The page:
Thursday, February 10, 2011

Hyper Day

Three day weekend--YES!  I was really hyper at work today.  I think I might be high on Airborn.  Many of the teachers at my work have been sick this week (not to mention Clint and the kids), so when I came to work on Monday with a little bit of a sniffle, Ms. Tilli sent Airborn and a bottle of water to my classroom.  I didn't ask for any, but she's like the mama hen of our family of teachers, taking care of everyone.  I had never tried Airborn before (I'm not much in the way of medicines; I prefer to let my body's immune system do its own kick-ass job), but since it is made from herbs and plant extracts, I decided to give it a try.  On Tuesday, Tilli sent more Airborn my way, and by yesterday, I had bought my own.  I've ingested this stuff for four days now, and I'm sure it's just a coincidence, but I am still not even remotely sick.  Whatever I "started" to come down with never fully materialized.  So I think I might forever be a fan of Airborn, even if it was probably just some psychological placebo.  At any rate, I woke up this morning feeling ridiculously hyper.  I watched the news for the first half hour, but it was so mellow that I finally turned it off and cranked on some music.  I did the typical dancing in front of the mirror while curling my hair...and I may or may not have used my curling iron as a microphone.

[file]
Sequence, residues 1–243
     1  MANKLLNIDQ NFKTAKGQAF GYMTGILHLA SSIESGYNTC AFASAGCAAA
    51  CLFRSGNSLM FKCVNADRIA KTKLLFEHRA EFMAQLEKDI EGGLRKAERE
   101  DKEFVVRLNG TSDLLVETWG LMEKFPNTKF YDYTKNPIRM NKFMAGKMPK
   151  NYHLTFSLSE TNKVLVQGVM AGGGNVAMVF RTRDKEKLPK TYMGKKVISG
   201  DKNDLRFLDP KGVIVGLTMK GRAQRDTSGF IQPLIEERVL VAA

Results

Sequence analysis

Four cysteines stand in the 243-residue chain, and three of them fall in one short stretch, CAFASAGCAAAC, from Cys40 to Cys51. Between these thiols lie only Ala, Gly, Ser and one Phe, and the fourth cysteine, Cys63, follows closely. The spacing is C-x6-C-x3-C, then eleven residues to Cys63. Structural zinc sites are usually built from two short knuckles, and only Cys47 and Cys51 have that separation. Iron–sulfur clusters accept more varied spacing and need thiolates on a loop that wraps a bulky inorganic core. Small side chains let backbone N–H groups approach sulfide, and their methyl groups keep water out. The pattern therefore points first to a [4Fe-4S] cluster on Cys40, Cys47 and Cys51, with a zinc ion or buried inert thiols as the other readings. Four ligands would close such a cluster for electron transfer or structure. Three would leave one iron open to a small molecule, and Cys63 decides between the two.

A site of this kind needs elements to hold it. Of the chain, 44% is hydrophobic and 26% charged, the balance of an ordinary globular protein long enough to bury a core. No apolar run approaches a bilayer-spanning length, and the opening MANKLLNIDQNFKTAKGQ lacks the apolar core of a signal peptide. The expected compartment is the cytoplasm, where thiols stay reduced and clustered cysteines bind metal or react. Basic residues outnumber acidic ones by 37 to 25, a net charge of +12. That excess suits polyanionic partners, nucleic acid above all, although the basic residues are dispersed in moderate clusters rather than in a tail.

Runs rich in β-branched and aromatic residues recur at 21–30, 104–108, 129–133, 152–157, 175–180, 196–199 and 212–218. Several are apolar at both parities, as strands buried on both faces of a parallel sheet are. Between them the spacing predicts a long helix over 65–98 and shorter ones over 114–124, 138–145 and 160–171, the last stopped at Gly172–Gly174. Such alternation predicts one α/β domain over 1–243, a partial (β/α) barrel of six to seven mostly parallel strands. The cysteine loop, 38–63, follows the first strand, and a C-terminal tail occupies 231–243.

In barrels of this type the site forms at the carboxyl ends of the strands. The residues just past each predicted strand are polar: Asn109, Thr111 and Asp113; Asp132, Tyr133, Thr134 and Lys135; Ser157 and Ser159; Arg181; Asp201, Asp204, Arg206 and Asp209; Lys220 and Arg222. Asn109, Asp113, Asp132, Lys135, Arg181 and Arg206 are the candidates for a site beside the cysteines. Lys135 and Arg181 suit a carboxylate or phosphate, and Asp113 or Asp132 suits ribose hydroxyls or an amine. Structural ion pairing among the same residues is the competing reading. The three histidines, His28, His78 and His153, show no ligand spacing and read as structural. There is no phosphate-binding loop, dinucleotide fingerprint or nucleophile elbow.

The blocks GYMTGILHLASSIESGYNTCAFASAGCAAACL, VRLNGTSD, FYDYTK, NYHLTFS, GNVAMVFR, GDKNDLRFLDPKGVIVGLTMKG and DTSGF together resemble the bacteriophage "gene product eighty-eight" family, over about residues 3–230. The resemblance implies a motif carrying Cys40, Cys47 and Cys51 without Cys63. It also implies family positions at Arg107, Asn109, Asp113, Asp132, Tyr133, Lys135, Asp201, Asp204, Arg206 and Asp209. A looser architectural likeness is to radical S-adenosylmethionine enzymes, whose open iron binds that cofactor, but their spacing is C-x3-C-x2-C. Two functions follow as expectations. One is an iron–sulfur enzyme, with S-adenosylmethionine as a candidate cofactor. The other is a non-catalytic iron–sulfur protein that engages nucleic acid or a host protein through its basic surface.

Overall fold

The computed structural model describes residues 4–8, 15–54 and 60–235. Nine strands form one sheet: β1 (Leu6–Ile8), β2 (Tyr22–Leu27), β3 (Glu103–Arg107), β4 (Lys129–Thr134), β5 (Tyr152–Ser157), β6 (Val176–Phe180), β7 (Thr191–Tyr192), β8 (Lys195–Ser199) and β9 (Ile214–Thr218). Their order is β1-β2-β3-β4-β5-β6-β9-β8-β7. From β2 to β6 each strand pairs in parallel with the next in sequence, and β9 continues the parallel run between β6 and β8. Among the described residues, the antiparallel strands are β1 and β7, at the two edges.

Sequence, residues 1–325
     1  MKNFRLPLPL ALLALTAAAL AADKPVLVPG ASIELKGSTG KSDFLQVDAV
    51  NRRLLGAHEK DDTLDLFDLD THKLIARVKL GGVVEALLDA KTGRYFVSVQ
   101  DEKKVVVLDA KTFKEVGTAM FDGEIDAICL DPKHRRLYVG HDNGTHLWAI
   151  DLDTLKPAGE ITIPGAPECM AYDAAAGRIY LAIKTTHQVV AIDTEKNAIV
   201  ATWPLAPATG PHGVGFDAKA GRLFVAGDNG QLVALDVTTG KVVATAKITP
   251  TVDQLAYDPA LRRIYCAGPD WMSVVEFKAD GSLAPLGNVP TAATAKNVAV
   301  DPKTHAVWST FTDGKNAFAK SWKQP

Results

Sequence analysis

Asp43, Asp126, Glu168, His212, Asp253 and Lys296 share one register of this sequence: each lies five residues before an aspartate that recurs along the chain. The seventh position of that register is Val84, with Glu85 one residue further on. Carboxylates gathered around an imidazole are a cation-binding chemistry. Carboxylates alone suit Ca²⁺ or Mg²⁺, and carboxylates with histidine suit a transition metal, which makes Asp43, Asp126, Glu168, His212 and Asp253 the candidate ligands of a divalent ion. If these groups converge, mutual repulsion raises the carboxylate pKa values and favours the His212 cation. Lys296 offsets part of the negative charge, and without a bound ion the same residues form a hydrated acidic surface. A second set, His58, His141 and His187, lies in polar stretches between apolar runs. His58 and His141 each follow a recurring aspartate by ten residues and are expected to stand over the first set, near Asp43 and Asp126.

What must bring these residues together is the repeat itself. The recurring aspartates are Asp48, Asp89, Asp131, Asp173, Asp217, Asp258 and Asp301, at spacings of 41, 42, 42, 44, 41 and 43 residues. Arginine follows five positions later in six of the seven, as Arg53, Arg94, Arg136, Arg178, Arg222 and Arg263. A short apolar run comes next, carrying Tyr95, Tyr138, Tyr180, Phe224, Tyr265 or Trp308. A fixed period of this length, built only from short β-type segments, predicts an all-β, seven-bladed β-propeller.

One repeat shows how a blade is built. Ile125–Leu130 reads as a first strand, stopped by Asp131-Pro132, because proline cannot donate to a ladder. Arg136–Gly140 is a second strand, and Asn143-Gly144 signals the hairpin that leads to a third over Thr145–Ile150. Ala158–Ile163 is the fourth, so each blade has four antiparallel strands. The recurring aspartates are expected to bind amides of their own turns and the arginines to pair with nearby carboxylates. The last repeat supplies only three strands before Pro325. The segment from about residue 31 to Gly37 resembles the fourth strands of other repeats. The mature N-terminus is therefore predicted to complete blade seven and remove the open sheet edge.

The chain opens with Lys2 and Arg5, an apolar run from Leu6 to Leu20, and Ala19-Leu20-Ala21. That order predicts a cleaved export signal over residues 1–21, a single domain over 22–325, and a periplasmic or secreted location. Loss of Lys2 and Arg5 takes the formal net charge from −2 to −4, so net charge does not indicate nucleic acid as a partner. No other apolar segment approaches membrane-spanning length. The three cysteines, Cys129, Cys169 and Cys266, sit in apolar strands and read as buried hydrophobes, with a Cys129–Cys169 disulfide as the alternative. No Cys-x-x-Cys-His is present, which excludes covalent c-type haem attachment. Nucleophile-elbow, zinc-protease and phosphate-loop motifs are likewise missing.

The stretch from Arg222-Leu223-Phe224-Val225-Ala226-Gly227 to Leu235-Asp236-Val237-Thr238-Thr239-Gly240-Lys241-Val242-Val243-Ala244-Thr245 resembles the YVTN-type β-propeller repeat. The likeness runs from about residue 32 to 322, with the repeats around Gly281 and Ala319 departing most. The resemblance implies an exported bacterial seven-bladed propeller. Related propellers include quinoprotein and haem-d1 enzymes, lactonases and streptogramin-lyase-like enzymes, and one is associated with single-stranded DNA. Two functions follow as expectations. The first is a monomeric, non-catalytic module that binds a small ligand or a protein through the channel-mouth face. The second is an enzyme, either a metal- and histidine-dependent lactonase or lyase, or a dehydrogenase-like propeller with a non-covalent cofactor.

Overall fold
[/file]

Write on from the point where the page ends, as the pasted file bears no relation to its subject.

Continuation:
At work, I invented a crazy spelling game that involved a big circle, a mush pot, and taking your friends down with you if you get caught.  It had some very jacked up, unfair rules that I was making up along the way, and was hysterically fun.  The kids and I were laughing so hard all the way until the bell rang.  After work, I came home, ate a Californian Omelet, and watched Three Men and a Baby on Netflix with the kids (I love getting to relive all of the cheesy flicks from the '80s).  After the movie, Clint and I worked out, and now my stomach is sore.

I am really looking forward to this weekend.  I have a heap of persuasive essays to grade, but I'm pretty sure I'm going to shove those aside in lieu of enjoying the spring-like weather we are supposed to have this weekend.  On Saturday we are going hiking with Matt and Alana to the Hot Springs.  It's a 6-mile hike up (12 miles round trip), so it will pretty much be an all day thing.  The area we are hiking to is gorgeous (some sites actually rate it number one as far as hot springs in California), so really the only downfall is that visitors there have a tendency to not wear clothes.  Yep, that's right.  They're naked.  Apparently the water's almost perfect temperature (averaging 105 degrees F.) is much more enjoyable when you're al' natural.  I figure though since I'm going with Bible study friends and all, maybe I ought to keep my clothes on.  ;-)

Tuesday, February 8, 2011

Fluffy Little Fantasy World of Self-Preservation